This was a hold of serve requiring 9 minutes, two 23-shot rallies and 5 deuces… and there was so much more of exactly the same in the second game that it looked as if we might still be here at midnight.

Svitolina at last gave in for 0-2 with an overcooked forehand, only to snatch an immediate 90-second break to love.

No sooner was she back in it than she produced too little at the net, and Halep reasserted her advantage, firing a fabulous forehand winner for 5-1 and steaming across the court to cover the ground.

The end of the set defied expectation almost as much as the first, as an increasingly irritable Halep created 5 set points, only to convert none of them.

Finally, she reasserted her composure to thread another chance and, this time, she served out so wide that Svitolina’s only possible return merely furnished Halep with the chance for a clean winner.

Svitolina was nearly out of the tournament in the second round to Margarita Gasparyan and showed off some of that fighting spirit to start the second set, mixing up the pace to keep things even through the first 6 games.

Willed on by her other half Gael Monfils, the Ukrainian was tiring, and the eventual breach for 3-4 had an air of inevitability about it.

Halep wouldn’t be denied, shifting gears once more to roll through the final 3 games, breaking serve twice and losing just one point on serve to reach her 5th career Grand Slam final, her first first since winning her maiden major title at Roland Garros last spring.

“I have more experience, and I’m more positive on court. I have learned many things in the last 5 years, so I’m just trying to be the best version of myself every time I step on court and to fight to the end because I really want to win every match I play.”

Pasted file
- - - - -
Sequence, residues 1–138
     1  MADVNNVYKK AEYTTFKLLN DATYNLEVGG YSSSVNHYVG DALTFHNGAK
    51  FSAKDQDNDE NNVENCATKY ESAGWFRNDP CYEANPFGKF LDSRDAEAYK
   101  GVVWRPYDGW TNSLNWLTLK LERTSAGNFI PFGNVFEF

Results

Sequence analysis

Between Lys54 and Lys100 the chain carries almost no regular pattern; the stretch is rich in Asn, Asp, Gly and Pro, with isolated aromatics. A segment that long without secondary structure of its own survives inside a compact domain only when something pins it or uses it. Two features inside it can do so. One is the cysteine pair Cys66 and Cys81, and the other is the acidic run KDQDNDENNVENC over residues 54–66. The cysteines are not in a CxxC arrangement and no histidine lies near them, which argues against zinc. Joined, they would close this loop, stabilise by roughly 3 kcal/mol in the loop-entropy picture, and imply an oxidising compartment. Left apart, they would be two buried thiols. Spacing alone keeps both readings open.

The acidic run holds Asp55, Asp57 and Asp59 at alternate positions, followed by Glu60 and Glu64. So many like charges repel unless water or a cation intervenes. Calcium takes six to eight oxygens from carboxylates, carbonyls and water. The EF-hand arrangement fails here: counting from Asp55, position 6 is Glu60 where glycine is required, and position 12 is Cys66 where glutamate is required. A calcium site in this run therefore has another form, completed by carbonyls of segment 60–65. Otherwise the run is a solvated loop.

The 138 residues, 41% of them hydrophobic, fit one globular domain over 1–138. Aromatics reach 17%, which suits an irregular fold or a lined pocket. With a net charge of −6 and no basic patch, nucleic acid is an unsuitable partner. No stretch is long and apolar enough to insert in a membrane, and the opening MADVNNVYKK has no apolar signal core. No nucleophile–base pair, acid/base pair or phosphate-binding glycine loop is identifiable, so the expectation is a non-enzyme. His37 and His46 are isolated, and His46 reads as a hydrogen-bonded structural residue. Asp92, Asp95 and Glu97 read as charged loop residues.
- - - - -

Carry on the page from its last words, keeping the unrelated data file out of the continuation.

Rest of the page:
In all, it was a glittering day for the former World No 1, striking 26 winners to 16 unforced errors, converting 4 of 7 break point opportunities, and winning more than half of return points played over two sets.

Standing between the No 7 seed and a first Wimbledon crown will be 23-time Grand Slam champion Serena Williams, a straight sets winner over Barbora Strycova.

“It doesn’t matter who my opponent will be, because it’s the last match of the tournament. It’s a final, playing on Centre Court at Wimbledon. I cannot ask for more,” said Halep.

“I changed a little bit the game [on the grass]. I play some drop-shots. I use the slice more. The serve is helping me.

“As I said few days ago, now when the ball is coming to me, now I know what to do with it. Maybe that’s why. Maybe I feel confident and I’m not scared any more of how the ball bounces. I think I have the feeling. And also I feel stable on the legs, which is very important on the grass.

“Here this week I realised that I have a good chance on grass because I have strong legs, I can open the court. The court works for me if I play the right tactic.

“I have a good feeling, as I said. I feel stable on the legs, which is very important. Also serve helps me, which is not the best shot, but I’m working on it.”






About The Author

Barbara Wancke

Barbara Wancke is a Tennis Threads Tennis Correspondent who has been involved in the sport for over 40 years, not only as a former player, umpire and coach but primarily as an administrator and tennis writer contributing over the years to Lawn Tennis, Tennis World, and Tennis Today. She has worked with the Dunlop Sports Co, IMG and at the ITF as Director of Women’s Tennis, responsible, amongst other things, for the running of the Federation Cup (now Fed Cup), and acting as Technical Director for tennis at the Seoul Olympics (1988). She subsequently set up her own tennis consultancy Tennis Interlink and was elected to the Board of the TIA UK where she became the Executive Administrator and Executive Vice President until she stood down in July 2014 and is currently an Honorary Vice President.